The increased obligations include the development of cyber-security incident response plans, participation in cyber-security exercises, vulnerability assessments and remediation, and provision of system information to the ASD.
3. New Part 3A – Government assistance
If a ‘relevant entity’ experiences a ‘cyber security incident’ (or one is imminent or likely to occur), the proposed new pt 3A of the Bill gives the government broad powers to assist the entity to respond to the incident. These powers are only to be exercised in emergency circumstances, as a last resort and when it is in the national interest. Decisions under the new pt 3A will be exempt from review under the Administrative Decisions (Judicial Review) Act 1977.
Who does pt 3A apply to?
To understand the breadth of those powers, and the scope of both public and private organisations which may be affected, it is necessary to understand what a ‘relevant entity’ and a ‘cyber security incident’ is.
Under pt 3A, a ‘relevant entity’ is entitled to federal government assistance and falls into the following categories:
- the responsible entity for an asset (the entity with operational responsibility);
- a direct interest holder in relation to the asset;
- an operator of the asset; or
- a managed service provider for an asset.
Given that a large portion of the industries captured by the Bill’s definition of critical infrastructure operate by way of public-private partnerships, relevant entities may include private companies with government involvement.
The term ‘cyber security incident’ is also defined broadly and includes unauthorised:
- access to computer data or a computer program;
- modification of computer data or a computer program;
- impairment of electronic communication to or from a computer; and
- impairment of the availability, reliability, security or operation of a computer, computer data or a computer program.
This appears to encompass the full gambit of cyber incidents from a large-scale data breach or ransomware attack to a computer virus. However, as noted above, the powers outlined below may only be exercised in emergency circumstances.
What powers does the federal government have?
If a cyber security incident occurs, the federal government may issue:
- Information gathering directions which require the relevant entity to produce information to the federal government to ensure a detailed understanding of the nature and extent of the incident, as well as its vulnerabilities and interdependencies with other assets. This will assist in establishing what further directions may need to be issued;
- Action directions which allow the federal government to direct an entity to do, or refrain from doing, a specified act or thing; and
- Intervention requests, described as a ‘last resort option within a last resort regime’,5 which allow the ASD to defend an asset in circumstances where directing an entity to take specified action would not be practical or effective. This recognises that the federal government may have access to unique resources and expertise not otherwise available, possibly enabling the blocking of malicious domains, disabling internet access, and removing or altering stored data.
It is not clear exactly how serious a cyber security incident needs to be before the federal government deems it necessary to issue the directions above.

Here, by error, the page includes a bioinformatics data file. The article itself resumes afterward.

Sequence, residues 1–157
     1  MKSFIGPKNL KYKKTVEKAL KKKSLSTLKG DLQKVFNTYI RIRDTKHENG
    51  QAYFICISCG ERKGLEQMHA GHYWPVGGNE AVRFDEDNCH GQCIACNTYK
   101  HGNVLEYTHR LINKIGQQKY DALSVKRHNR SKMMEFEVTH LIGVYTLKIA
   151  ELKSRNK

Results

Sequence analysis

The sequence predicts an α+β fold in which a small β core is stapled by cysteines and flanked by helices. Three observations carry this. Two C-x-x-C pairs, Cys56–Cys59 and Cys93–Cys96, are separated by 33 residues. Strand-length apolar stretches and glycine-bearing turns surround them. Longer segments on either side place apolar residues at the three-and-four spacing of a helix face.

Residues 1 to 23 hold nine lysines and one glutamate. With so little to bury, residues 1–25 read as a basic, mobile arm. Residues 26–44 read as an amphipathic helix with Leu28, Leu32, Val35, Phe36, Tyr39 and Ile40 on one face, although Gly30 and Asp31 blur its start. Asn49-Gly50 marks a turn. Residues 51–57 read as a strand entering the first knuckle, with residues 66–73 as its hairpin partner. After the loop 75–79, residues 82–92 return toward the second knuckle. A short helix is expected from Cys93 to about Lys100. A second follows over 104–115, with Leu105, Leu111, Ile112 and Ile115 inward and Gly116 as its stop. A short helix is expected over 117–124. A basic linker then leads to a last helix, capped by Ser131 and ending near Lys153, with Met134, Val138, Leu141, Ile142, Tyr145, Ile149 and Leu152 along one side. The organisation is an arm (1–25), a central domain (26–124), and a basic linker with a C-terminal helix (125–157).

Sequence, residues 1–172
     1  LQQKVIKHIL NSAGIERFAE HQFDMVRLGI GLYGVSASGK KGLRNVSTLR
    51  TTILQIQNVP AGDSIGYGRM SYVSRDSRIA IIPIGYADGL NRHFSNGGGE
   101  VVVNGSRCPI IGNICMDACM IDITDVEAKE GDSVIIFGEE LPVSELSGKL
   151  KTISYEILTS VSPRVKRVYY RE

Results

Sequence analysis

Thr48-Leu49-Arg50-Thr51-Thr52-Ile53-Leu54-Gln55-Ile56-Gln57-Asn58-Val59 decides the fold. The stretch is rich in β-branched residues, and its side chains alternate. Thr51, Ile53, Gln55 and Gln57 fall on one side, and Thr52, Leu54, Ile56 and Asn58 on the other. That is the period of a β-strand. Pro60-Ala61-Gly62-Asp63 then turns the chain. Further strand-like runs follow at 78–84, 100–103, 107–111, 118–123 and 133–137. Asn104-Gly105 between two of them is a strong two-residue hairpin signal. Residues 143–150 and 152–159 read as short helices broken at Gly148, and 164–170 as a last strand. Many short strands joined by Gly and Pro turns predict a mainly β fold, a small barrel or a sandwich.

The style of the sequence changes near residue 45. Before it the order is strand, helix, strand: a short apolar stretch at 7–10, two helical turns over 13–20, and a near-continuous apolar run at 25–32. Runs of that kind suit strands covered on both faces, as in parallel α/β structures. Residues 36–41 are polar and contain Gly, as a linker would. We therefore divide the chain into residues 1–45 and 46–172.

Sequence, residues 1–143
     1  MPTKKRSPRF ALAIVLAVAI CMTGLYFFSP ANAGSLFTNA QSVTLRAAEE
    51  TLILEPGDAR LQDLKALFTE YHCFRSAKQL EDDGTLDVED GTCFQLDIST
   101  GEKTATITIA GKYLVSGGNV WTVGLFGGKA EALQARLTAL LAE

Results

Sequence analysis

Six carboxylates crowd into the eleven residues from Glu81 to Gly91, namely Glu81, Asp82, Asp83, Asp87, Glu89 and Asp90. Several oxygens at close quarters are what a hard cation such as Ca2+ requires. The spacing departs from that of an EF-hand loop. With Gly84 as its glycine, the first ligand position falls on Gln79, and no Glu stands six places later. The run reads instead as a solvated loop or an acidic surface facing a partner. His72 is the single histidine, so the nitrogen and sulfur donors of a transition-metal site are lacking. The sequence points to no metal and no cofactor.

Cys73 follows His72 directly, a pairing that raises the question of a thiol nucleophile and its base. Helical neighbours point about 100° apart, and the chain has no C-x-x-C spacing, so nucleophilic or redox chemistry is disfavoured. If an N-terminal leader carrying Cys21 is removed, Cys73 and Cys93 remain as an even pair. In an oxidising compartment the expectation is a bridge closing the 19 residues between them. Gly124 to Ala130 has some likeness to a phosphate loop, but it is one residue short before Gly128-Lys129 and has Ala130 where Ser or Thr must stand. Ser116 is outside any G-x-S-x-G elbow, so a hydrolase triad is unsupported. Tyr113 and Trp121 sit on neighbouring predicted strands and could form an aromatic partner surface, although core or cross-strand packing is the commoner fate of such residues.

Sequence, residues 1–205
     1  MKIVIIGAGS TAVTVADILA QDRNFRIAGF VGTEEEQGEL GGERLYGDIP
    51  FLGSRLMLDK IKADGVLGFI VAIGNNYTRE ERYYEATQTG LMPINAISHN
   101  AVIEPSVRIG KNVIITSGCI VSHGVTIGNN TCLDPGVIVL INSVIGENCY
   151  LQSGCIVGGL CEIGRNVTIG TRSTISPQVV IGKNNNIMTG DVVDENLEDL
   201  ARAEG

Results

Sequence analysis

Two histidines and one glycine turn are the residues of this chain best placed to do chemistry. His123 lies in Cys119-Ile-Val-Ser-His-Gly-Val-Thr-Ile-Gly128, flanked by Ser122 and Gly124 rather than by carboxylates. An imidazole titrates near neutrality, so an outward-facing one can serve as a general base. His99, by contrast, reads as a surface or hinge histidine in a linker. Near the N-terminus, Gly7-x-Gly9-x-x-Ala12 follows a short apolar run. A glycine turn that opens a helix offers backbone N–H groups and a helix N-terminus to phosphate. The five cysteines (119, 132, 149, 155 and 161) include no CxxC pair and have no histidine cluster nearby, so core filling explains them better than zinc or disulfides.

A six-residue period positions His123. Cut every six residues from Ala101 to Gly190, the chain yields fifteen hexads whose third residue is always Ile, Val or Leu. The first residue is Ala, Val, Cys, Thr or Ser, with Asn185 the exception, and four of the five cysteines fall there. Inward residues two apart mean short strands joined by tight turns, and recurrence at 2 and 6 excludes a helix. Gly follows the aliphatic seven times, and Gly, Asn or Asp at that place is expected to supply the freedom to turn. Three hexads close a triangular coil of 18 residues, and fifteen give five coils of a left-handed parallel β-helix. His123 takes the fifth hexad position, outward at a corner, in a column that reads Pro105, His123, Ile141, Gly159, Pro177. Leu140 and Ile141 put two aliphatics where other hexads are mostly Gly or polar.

At the recent public hearings, Google, AWS, Microsoft and Atlassian all assert that they are best placed to respond to cyber incidents, and do not anticipate needing government assistance, and object to the ‘overly broad powers’ the Bill would grant the government. In contrast, representatives of the water, electricity and logistics sectors agreed that government assistance could be valuable, depending on the circumstances.
The Bill proposes broad powers for the federal government, and imposes broad obligations on responsible entities, in an effort to respond to increasing cyber threats.
If the Bill is enacted, it will be crucial for entities to immediately determine whether they are a relevant entity or responsible entity, and, if so, the extent to which the obligations will apply to them and when and how they can be activated.
The provisions in the Bill in its present form are arguably onerous and may have wide ranging impacts on the private contractual arrangements between parties. In light of this, it remains to be seen whether the Bill will tread the fine line between allowing those entities to operate independently, and effectively managing the very real cyber risks those assets face.
1 Explanatory memorandum of the Bill.
2 For more information on the prevalence, causes and consequences of cyber attacks in each sector see Katherine Hayes, Greg Stirling and Hayley Nankivell, ‘Human error still causing data breaches’ (2021)<https://www.carternewell.com/page/Publications/2021/human-error-still-causing-data-breaches/>.
3 Unless another Commonwealth body is prescribed in the rules.
4 For example, the responsible entity of telecommunications assets is the carrier that holds the carrier license for the telecommunications network.
5 Explanatory memorandum of the Bill.
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The material contained in this publication is in the nature of general comment only, and neither purports nor is intended to be advice on any particular matter. No reader should act on the basis of any matter contained in this publication without considering, and if necessary, taking appropriate professional advice upon their own particular circumstances.